While the Maharashtra government was the first state in the country to agree to do away with the two-finger test in writing, the public interest litigation (PIL) on the issue is still pending in the Nagpur bench of Bombay high court, and in the absence of a notification, most state hospitals continue to conduct the two-finger test on rape victims.
The case may come up for hearing this month.
Dr S Nanandkar, head of forensic medicine at JJ hospital, who heads the committee looking into the changes needed in medical examination of sexual assault victims, said: “We have drawn up a seven-part detailed manual, which includes recording the patient’s history, a list of specimen
collection, opinion writing, treatment and checking for presence of sexually transmitted diseases, among other things.”
The manual has done away with the query about whether the rape victim was sexually active, and therefore, the need for a two-finger test.
The earlier Directorate of Health Services (DHS) manual barely recorded enough information about the victim.
The manual was drawn up in response to the court’s direction to the DHS to form a committee to look into recommendations made in the PIL, which was filed by advocate Vijay Patait and social worker Dr Ranjana Pardhi. The PIL was filed on the basis of a study conducted by Dr Indrajit Khandekar, assistant professor of forensic medicine, Mahatma Gandhi Insitute of Medical Sciences, Wardha, which pointed out loopholes in the medical examination of sexual assault victims.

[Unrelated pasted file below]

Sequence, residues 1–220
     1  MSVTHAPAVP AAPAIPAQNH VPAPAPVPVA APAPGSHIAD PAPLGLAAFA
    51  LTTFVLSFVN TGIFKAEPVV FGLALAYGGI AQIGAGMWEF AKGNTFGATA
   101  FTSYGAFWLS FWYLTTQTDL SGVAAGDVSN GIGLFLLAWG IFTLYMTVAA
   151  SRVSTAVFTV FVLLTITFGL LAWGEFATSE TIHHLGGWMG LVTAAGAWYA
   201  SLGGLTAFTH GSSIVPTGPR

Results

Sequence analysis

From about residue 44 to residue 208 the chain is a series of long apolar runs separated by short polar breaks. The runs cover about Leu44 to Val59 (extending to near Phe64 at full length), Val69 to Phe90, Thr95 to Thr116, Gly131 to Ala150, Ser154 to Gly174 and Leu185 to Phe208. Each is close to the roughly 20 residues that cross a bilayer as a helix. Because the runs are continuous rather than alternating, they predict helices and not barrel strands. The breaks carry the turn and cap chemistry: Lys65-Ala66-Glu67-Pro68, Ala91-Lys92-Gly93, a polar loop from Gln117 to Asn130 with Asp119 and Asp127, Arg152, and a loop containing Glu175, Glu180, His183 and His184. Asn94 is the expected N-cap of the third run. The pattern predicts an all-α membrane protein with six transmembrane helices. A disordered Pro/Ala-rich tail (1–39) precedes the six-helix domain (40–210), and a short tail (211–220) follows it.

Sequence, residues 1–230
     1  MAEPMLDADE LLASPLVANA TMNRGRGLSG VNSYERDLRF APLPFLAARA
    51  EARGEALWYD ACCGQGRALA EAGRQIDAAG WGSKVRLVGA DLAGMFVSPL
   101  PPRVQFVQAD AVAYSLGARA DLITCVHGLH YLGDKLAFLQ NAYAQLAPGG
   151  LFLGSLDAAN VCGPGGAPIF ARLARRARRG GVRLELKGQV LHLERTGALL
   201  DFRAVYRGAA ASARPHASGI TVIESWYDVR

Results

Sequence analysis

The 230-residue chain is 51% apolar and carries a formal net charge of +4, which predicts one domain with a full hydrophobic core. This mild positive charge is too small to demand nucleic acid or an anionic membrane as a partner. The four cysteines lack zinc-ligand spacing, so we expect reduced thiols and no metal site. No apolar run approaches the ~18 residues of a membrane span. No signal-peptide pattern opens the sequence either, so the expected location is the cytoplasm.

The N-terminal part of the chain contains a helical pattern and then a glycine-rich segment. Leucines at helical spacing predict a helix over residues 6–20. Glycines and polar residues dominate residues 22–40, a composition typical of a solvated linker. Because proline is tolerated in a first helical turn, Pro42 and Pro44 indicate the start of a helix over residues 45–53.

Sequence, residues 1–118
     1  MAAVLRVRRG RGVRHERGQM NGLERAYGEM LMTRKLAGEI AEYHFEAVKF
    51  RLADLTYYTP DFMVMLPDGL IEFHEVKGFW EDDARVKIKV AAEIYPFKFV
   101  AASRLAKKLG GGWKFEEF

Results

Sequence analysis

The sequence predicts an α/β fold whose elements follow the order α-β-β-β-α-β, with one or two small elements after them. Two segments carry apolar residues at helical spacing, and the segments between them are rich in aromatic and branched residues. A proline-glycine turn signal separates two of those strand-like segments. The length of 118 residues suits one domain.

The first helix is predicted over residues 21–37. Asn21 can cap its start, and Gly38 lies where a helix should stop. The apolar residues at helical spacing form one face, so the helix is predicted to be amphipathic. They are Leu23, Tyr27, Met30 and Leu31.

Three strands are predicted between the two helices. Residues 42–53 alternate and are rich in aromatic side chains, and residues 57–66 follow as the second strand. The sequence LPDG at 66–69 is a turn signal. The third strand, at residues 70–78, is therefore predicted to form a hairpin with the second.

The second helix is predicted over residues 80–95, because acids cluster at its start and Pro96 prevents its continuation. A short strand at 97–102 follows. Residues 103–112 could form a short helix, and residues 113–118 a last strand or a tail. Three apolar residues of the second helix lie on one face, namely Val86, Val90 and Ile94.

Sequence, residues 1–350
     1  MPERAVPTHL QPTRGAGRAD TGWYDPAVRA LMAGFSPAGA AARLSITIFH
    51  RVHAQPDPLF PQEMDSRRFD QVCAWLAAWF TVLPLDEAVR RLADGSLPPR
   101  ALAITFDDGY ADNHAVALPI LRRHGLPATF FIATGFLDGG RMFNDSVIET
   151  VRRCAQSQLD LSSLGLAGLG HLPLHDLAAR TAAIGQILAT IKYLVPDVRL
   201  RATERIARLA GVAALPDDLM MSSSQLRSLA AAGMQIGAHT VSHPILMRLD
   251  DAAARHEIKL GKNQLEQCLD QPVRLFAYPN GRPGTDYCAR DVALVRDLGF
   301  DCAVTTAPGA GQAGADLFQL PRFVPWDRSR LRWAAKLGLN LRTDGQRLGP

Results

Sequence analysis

The Centre for Enquiry into Health and Allied Themes (Cehat) also made suggestions, which have not been followed in the manual. These are not including questions about the victim’s height and weight (to avoid impression that a heavily built woman can’t be raped) and her injuries (often victims have no injuries because of threat or other reasons), and recommendation that the victim’s consent be sought before medical examination and before reporting the incident to the police.
“These suggestions were made as per recommendations of the World Health Organization technical
committee and the changes made in the Criminal Procedure Code and Indian Evidence Act. We don’t understand why they were not accepted,” said Padma Deosthali, coordinator, Cehat.
“Our latest submission to court makes it clear that a government doctor has to inform the police about the incident. Not doing so defeats the purpose of justice as the perpetrator will never be caught,” said Dr Nanandkar.